Current Library Exhibitions
BRIT Library has ongoing exhibitions on view in the Upper Atrium Collections Gallery and the Library, which highlight the Library’s Arader Natural History Collection of Art and rare materials from the Library’s Special Collections and Rare Book Room. The Library also oversees installations on current BRIT Research Programs in the Upper Atrium Research Gallery.
Upper Atrium Research Gallery
Flora of Latin America
September 15, 2022 – November 30, 2022
With works spanning back 300 years, “Flora of Latin America” features contemporary and historical depictions of plants native to the Latin American world. This selection of artworks includes watercolor paintings, pen and ink drawings, lithographs, and other types of prints, all hailing from BRIT Library’s Arader Natural History Collection of Art and from botanical artists’ personal archives housed at the Library. BRIT Library & Special Collections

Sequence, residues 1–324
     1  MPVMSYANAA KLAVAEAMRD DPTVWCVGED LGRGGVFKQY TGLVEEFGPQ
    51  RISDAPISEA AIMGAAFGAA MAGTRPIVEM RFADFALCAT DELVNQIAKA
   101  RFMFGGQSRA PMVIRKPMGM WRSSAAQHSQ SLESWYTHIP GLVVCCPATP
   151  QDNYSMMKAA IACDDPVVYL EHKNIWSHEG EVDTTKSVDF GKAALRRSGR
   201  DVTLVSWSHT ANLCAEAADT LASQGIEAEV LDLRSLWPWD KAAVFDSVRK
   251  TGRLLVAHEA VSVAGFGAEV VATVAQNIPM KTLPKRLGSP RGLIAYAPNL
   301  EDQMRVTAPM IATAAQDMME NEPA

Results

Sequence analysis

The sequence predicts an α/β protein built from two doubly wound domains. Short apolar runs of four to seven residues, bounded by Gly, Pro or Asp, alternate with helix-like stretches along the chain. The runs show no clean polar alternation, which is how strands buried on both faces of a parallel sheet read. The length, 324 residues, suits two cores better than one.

Auxiliary Collections at the BRIT Herbarium
A single collecting event can result in multiple derivative specimens and auxiliary collections, such as fruit, wood, slide, seed, and photographs. It is the goal of curators and biodiversity informaticians to connect these various resources in a way that is meaningful to our study of an organism. At BRIT, our herbarium is complemented by a collection of over 16,000 microscope slides, along with over 5,000 light micrographs and scanning electron micrographs of pollen. This auxiliary collection enriches botanical studies and adds value to our collection as a resource for research and education.
Ferns & Lycophytes of the BRIT Herbarium
Dr. Alejandra Vasco has marshaled the effort to produce an exhibit about the ca. 37,300 ferns and lycophytes in the BRIT Philecology Herbarium. You can download a PDF of the exhibit in English and Spanish here, and take a closer look at two featured specimens further into this article. Ferns & Lycophytes of the BRIT Herbarium
Hidden Gardens of the BRIT Herbarium
A closer look at eight common bryophytes of the Dallas-Fort Worth area by BRIT Research Associate Charles Gardner.